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Should we lie to journalism students?

Discussion in 'Journalism topics only' started by newspaperman, Nov 10, 2010.

  1. newspaperman

    newspaperman Member

    I'll be having a host of energetic journalism majors dropping by my office today for a chance to get their feet wet in the industry. I remember being in the their same shoes when I was in college, and would have loved if someone had been honest about the businesses low pay and long hours. And the small number of jobs usually available to thousands of graduating journalism students each year.

    What advice should I pass along? Should I be completely honest? Encourage them to change majors?
  2. Dick Whitman

    Dick Whitman Well-Known Member

    I don't think the majority of them care about all of that stuff. I was told the same things. I just assumed I would be different, because I was so good and amazing. And, if not, who cares anyway? I'll be covering GAMES!!!! And that's AWESOME!!!!

    They'll think the same things.
  3. newspaperman

    newspaperman Member

    Mr. Whitman, but shouldn't they care? It's cool when you're 23 and covering football games, making $22k a year. But what happens when you 28 and making $25k and want to start a family? Shouldn't they be informed about all facets of the industry, seeing that they are paying an extremely high price for the "education?"
  4. rpmmutant

    rpmmutant Member

    If you want to be honest with them, tell them they will need to learn how to be online producers as well as good, accurate, fast writers. They will need to learn how to shoot and edit video, become photo journalists, online editors and designers to a certain extent. And they will have long hours, low pay, work weekends and holidays and live in small towns they never heard of to get started.
    No need to discourage them, but let them know the industry is changing. And if they're just there to watch games, tell them to major in biology. That way they'll have enough money to buy season tickets to their favorite team.
  5. Boom_70

    Boom_70 Well-Known Member

    Whatever industry you are in you need to stay relevant and adapt to change. Tell them its an exciting time for the industry as they adapt to digital media .
  6. Twoback

    Twoback Active Member

    Sorry. Had lots of people tell me about low pay and long hours when I was in college in the 70s/80s. I loathed every one of those people. Was I not smart enough to figure out I'd be working nights/weekends? I sat there and thought, "You're just afraid one day I'm coming to take your job."
    It's a lot different now because the newspaper industry is in such decline. When I talk to young people, I simply tell them I have no idea what the future is. Who knows what kind of jobs there'll be? But if you're willing to take a chance and can find an opportunity, this is a great way to make a living.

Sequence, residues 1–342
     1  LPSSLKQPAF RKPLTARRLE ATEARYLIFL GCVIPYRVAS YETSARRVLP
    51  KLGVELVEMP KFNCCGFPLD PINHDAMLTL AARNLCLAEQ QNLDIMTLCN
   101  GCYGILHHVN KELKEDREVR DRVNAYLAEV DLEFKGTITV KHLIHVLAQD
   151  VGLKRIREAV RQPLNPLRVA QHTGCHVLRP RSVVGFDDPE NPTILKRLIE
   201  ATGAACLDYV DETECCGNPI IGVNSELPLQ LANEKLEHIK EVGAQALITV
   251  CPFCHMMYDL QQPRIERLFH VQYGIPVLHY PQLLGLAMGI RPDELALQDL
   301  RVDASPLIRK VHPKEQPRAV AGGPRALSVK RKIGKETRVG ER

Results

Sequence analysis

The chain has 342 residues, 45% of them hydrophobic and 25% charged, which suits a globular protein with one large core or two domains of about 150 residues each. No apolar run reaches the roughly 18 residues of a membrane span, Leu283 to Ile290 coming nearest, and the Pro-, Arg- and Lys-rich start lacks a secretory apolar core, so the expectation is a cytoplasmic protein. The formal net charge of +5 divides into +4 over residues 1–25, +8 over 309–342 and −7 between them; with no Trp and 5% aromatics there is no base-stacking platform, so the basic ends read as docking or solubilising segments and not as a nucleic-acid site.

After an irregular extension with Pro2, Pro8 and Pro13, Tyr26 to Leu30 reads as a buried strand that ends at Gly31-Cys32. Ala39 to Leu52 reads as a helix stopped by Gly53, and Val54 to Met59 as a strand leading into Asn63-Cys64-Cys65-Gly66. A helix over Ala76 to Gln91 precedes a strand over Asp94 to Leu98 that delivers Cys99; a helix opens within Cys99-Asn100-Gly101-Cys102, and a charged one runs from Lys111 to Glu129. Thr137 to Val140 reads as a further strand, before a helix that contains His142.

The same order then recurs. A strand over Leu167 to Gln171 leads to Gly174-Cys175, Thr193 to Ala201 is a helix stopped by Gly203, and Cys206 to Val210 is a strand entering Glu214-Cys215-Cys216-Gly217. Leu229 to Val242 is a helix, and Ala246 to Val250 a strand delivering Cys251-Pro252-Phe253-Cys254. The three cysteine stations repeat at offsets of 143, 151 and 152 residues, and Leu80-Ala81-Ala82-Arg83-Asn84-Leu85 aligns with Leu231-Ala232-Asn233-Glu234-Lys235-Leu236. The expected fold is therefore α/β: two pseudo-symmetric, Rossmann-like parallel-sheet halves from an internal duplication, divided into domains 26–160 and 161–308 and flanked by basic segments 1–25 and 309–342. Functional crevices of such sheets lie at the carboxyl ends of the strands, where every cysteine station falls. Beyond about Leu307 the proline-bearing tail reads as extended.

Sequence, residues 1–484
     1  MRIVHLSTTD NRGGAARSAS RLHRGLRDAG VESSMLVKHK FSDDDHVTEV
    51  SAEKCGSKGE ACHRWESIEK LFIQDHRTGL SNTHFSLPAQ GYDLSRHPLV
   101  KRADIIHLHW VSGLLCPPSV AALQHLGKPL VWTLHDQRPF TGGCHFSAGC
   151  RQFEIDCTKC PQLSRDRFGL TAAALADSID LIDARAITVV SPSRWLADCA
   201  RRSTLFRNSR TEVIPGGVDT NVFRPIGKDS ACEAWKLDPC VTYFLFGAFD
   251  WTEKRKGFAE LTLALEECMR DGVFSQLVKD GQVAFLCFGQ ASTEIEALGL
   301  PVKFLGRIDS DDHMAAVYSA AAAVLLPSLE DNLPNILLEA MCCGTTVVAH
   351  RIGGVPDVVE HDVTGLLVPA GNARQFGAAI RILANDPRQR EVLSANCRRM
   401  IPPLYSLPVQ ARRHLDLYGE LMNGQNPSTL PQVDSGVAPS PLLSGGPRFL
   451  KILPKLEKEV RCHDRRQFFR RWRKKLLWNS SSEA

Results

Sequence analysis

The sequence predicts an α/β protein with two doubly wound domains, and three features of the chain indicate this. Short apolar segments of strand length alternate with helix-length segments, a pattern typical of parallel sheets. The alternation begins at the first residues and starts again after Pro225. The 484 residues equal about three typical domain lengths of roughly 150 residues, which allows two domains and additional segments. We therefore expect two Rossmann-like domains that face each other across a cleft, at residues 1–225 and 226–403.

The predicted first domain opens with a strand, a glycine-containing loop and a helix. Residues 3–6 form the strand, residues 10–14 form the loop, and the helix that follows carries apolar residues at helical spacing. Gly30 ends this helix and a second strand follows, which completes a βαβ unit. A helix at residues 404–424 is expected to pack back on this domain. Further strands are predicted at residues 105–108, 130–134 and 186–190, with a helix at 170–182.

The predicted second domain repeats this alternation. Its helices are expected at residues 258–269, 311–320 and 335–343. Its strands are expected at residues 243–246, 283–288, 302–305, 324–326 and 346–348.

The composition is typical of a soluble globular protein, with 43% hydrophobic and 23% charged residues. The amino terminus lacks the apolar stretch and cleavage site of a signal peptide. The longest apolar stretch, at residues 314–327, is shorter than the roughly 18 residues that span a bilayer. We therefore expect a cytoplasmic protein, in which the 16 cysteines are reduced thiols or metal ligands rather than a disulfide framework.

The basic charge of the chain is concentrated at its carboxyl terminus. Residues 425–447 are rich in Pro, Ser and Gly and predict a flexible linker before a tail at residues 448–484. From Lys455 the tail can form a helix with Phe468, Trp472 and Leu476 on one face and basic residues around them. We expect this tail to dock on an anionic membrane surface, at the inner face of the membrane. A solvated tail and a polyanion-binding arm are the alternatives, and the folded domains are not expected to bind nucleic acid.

7. Dick Whitman

    Dick Whitman Well-Known Member

    The weird hours actually appeal to people who want to practice journalism, because it doesn't attract 9 to 5ers. It attracts people who want to be where the action is. The idea of springing out of bed to cover a five-alarm five at 2:30 a.m. appeals to the kind of personality that is going to gravitate toward this business. Keep in mind that none of them have children or responsibilities yet, so things like, "Weird hours," won't make a dent. Hell, most of them are texting each other all night long, and grabbing a few minutes of sleep in between.
  8. newspaperman

    newspaperman Member

    Thanks guys for the advice....And I'm sure I'll met one kid who thinks as long as he/she gets a college degree, money will be thrown at him/her like Cam Newton....It's always one in the bunch.
  9. txsportsscribe

    txsportsscribe Active Member

    if they haven't discovered all the negatives of the industry on their own by now they probably aren't great reporters
  10. HanSenSE

    HanSenSE Well-Known Member

    It's like I tell newbies here: 30 years ago in college, one of the perks of being an editor was getting a electric typewriter, not a manual. Blogs were something you threw on the fire on a cold winter's night. I'd talk about how technology is changing how we cover stories, wifi and iPhones letting us report closer to the scene and getting the news out quicker, ect.
  11. Stitch

    Stitch Active Member

    Back when I was in school, some other student, who thought highly of himself for his work on his blog, asked this important question of a big-name columnist who visited class. Who are you voting for the Heisman?

    No follow-up on the columnist discussing his start on the cops beat or the grind of being a reporter. I'm betting a lot of the students coming through would ask similar questions, or ask how good the press box food is.
  12. newspaperman

    newspaperman Member

    With blogs, tweets and other free content so rampant nowadays, will anyone of the younger generation ever pay for content? Once you get it free, there's no way people will pay for it. It's like I want to encourage them to develop their social media skills, stay current with their blog, etc. but where is the income going to come from with this "future journalism?"
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